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Use guest networks to secure IoT “smart” devices

A neighbor asked me about a recommendation Steve Gibson and Leo Laporte made a couple of weeks ago about securing your IoT household “smart” devices, like doorbells, thermostats, televisions, and anything else that wasn’t traditionally computerized, by putting it on a guest network.

The short answer is yes, it’s something you should do. It doesn’t make them perfectly safe, but it’s the best you can do, so you should. But I would do it a bit differently from Gibson–I think the ideal setup has two guest networks.

Netgear vs TP-Link

Use your router’s guest network to isolate your IoT junk from your computers, tablets and phones.

In corporate security, this is called network segmentation, or in extreme cases, an out of band network. Systems that don’t need to talk to each other cannot, which makes it harder for systems to attack each other. Using a wifi guest network limits what they can do–your doorbell doesn’t need to print or pull files off your PC, so it shouldn’t be able to talk to your printer or your PC at all. That way one can’t attack the other if either gets hacked.

Gibson recommends setting up a second router if your router doesn’t have a guest network available. This may be the excuse you need to upgrade your router.

But a good way to get that capability with a single router is to use DD-WRT. DD-WRT also has some other valuable features you can enable on your guest network. For example, you can throttle the network, which reduces its value if a hacker gets in because your IoT devices only get a small slice of your Internet bandwidth.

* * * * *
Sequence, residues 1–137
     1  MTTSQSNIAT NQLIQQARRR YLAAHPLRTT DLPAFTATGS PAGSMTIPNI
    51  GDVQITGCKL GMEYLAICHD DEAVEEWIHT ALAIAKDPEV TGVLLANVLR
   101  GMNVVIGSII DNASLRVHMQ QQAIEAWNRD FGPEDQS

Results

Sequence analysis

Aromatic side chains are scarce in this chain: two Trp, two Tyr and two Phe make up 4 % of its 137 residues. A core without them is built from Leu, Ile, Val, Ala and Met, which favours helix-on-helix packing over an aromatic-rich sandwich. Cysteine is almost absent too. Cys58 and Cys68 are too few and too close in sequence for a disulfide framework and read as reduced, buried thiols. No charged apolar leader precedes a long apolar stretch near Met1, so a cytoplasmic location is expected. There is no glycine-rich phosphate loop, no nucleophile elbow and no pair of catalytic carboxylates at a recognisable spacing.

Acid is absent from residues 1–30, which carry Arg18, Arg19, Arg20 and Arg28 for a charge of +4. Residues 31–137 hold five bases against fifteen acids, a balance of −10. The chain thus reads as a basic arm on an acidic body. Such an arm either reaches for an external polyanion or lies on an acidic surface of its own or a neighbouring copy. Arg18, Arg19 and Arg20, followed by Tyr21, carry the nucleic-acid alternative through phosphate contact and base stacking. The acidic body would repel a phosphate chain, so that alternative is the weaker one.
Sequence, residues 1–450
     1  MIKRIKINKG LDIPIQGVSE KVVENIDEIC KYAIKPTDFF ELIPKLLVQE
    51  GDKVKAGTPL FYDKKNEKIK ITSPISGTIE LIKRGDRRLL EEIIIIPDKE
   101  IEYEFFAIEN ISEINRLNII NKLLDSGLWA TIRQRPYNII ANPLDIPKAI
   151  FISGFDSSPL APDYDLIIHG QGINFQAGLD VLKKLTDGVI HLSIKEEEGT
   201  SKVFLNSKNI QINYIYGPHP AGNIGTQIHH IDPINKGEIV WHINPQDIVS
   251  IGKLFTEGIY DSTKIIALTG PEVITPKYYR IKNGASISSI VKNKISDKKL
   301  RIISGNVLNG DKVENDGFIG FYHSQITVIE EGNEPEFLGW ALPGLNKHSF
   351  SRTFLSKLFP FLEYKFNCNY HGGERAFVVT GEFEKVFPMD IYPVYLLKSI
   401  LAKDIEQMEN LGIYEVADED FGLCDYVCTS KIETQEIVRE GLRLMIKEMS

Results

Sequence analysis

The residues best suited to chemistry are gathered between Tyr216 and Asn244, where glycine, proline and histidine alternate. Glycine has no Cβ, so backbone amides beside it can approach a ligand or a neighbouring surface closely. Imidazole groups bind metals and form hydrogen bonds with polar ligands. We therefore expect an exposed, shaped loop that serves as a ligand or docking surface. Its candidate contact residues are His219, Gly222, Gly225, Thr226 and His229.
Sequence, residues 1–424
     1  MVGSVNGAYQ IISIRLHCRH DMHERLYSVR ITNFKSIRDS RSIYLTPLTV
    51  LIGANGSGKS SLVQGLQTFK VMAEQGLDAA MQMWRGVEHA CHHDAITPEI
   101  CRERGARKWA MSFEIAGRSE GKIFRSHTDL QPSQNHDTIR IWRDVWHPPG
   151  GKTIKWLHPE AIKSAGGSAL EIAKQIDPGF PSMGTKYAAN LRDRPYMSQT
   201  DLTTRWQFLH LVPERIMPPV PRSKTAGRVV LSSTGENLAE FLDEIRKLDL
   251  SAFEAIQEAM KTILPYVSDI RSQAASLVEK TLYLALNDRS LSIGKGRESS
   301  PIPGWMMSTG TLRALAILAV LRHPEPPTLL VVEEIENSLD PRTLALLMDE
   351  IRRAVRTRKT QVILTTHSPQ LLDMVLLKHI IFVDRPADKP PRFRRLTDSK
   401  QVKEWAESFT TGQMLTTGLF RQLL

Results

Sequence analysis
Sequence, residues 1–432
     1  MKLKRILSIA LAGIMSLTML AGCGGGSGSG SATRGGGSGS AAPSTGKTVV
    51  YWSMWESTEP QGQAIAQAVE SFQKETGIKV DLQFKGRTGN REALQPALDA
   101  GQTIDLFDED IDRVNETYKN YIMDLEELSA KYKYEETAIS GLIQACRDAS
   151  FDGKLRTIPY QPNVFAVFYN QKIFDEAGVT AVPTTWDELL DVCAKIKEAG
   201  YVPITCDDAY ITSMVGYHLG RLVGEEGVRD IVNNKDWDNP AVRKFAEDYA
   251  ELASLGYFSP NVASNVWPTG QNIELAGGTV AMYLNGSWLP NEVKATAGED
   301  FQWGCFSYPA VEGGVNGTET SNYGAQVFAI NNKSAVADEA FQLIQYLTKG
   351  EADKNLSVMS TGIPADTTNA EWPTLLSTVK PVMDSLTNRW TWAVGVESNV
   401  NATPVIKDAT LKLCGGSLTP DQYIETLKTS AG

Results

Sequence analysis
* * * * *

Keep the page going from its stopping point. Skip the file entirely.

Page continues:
Gibson floundered on the feature that DD-WRT calls AP isolation. Some routers enable this by default on guest networks, to keep clients on that network from seeing each other at all. The way he talked, he made it sound like this is undesirable. It is if you have IoT devices that need to talk to each other. But many of these devices only need to talk to the Internet. In that case, isolation is a highly desirable feature because it means one hacked device can’t hack another.

So I would take a two-pronged approach. Set up a guest network with AP isolation enabled and put everything there that you can. Set up another router as its own separate network, and put the stuff that has to talk to each other on it. This segments your IoT devices are from your PCs. It also segments them from each other to the extent that is possible.

Cool new technology often brings security concerns with it, and IoT is a glaring example. But a guest network with AP isolation is a good way to give yourself the benefits of the newest technology without compromising your security too badly.

I don’t generally listen to Security Now! because Gibson’s advice often doesn’t go far enough. Here’s a list of security podcasts I do listen to and recommend.

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